'Nashville' Creator on 100th Episode, Connie Britton's Teary Goodbye (Q&A)

Courtesy of Mark Levine/CMT
Connie Britton, with Charles Esten, started talking about her 'Nashville' exit during season four.

"There are always new characters and stories to tell," says Callie Khouri as the country music drama continues on a ratings high on new home CMT amid creative and cast shake-ups.

A great recipe for a country song involves family drama, heartbreak and loss — and, as Nashville creator Callie Khouri will tell you, they're perfect for a country music drama series, too. On June 15, her prime-time soap — which is set and filmed in Tennessee's capital — will air its 100th episode, a rare and impressive TV milestone. The road to 100 wasn't without speed bumps — among them a surprise cancellation after four seasons on ABC. But the Lionsgate-produced series, starring Connie Britton and Hayden Panettiere as country music stars, quickly was resurrected by CMT and Hulu, a move that coincided with the arrival of new showrunners — thirtysomething's Marshall Herskovitz and Edward Zwick — and was followed by the departure of Britton, whose character was killed off in the season-five episode "If Tomorrow Never Comes."

Despite Britton's exit, Nashville has been a shot in the arm for Viacom-owned CMT — it's the network's highest-rated and most watched show ever. Total day ratings are up nearly 20 percent among viewers 18-to-49 and up 25 percent among women in that all-important age group.

While in Music City to direct an episode, Khouri spoke with THR about creating the show, Britton's teary goodbye and where the series goes from here.

How did you find the show's tone?

We wanted it to be as real as we could make it and still have it be exciting enough for ABC. Finding that balance was always a challenge — making sure we were dealing in drama and not just the melodrama. There were a lot of Shonda Rhimes shows on ABC then, and that was very much the direction they were heading [with Nashville]. We tried to strike a balance in what satisfied us and them, but it's easy when you're doing a network show to go too far. We tried to walk right up to the line and then pull it back a little bit. We still managed to have people falling off buildings.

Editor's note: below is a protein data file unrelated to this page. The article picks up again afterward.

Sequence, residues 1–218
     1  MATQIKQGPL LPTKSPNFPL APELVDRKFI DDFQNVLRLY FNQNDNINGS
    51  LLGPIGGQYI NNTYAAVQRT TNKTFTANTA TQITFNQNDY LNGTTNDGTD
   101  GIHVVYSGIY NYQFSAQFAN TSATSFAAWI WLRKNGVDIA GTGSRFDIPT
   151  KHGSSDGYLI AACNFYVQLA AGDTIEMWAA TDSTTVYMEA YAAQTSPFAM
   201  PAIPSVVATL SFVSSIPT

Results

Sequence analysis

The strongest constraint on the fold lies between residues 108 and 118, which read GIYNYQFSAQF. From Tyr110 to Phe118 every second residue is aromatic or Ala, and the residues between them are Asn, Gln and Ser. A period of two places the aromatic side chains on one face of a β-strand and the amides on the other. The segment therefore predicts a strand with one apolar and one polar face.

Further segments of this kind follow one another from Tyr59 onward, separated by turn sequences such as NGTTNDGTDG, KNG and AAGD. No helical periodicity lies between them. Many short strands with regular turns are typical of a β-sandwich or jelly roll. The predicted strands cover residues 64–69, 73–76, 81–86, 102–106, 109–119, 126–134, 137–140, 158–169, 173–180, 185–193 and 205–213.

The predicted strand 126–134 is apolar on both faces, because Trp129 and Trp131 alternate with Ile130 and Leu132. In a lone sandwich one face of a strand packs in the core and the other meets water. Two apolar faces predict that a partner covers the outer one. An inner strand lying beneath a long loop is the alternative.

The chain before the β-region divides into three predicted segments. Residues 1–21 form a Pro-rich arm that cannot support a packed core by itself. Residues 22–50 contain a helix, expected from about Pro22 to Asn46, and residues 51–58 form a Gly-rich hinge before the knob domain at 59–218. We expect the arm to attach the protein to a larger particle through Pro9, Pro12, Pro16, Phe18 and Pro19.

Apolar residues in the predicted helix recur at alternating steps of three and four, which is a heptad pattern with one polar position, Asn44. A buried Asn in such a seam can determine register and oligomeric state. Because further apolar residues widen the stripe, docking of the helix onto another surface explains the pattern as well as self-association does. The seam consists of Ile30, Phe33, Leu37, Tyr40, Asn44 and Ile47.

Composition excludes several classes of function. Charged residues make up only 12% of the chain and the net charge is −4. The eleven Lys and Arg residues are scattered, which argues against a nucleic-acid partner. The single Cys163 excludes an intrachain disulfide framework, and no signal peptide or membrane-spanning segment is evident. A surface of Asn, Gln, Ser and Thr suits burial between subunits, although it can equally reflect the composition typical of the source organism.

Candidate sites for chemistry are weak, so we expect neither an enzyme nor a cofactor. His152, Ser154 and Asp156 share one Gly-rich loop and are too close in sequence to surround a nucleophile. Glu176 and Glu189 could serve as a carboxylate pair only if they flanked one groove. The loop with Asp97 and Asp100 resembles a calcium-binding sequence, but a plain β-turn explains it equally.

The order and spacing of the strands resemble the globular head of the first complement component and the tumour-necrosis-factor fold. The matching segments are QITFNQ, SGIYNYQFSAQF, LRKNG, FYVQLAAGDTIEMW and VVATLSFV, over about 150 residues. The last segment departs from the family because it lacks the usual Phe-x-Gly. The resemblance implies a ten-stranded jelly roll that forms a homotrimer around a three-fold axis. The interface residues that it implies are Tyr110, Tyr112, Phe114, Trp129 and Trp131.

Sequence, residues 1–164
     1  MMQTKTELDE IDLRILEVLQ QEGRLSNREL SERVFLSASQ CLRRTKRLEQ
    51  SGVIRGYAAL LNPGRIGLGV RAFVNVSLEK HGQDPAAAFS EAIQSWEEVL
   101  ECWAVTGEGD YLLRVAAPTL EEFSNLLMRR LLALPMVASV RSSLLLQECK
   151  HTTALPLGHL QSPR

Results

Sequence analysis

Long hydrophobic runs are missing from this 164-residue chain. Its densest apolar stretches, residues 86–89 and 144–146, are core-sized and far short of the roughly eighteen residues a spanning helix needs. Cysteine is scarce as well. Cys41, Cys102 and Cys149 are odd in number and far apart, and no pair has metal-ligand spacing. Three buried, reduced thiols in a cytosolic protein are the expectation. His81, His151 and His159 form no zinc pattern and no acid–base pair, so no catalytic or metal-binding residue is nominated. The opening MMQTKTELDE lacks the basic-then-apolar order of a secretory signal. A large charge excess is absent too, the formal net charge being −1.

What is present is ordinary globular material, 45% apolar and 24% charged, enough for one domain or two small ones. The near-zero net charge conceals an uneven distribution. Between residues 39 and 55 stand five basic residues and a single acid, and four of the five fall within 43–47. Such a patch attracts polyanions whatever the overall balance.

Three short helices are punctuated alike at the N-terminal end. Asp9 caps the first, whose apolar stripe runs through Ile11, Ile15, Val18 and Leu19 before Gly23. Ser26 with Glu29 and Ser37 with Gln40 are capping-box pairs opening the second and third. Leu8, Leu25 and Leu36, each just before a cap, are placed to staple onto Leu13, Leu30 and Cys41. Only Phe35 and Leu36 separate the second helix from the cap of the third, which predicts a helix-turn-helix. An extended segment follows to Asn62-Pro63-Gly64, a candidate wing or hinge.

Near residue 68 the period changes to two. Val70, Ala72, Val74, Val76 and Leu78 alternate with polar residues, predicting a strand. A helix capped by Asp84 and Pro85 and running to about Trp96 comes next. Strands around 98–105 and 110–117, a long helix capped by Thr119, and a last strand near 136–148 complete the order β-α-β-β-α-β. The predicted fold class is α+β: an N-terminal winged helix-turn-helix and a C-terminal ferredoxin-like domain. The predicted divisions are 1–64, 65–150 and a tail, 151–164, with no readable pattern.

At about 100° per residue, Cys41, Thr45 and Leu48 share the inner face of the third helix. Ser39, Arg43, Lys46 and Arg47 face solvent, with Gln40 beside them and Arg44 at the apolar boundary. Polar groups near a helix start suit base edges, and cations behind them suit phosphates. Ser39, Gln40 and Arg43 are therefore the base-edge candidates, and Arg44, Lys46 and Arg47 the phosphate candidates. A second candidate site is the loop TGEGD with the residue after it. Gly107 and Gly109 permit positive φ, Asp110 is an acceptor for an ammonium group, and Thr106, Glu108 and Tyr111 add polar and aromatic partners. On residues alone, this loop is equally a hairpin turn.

What did you push for the hardest?

The one thing we always resisted was having it be a real catfight situation with Rayna [Britton] and Juliette [Panettiere] because that's just not a positive story for women. I was fine to have them in competition — but because they came from different places creatively and not just because women don't like each other.

When did Britton first approach you about leaving?

She had been talking about it a lot in season four. She had opportunities and wanted to start exploring them. When Marshall and Ed came on, she talked about it with them. It was not easy to let that happen, but you don't want to hold anybody hostage, either.

How did you present the news to Hulu and CMT and reassure the execs there?

We all felt like we could do something incredibly dramatic and emotional. Death is a real part of life, and it's certainly not out of the Nashville world to have people meet their untimely ends.

You directed Britton's final episode. What was that like?

Oh, everybody cried. At one point, I took a picture of a trash can overflowing with Kleenex. It was tougher than any of us realized.

How long could Nashville go?

There are always new characters and stories to tell. Everybody in [Nashville], as far-fetched as we've been, says, "Oh, boy, you haven't even scratched the surface."

This story first appeared in the June 14 issue of The Hollywood Reporter magazine. To receive the magazine, click here to subscribe.

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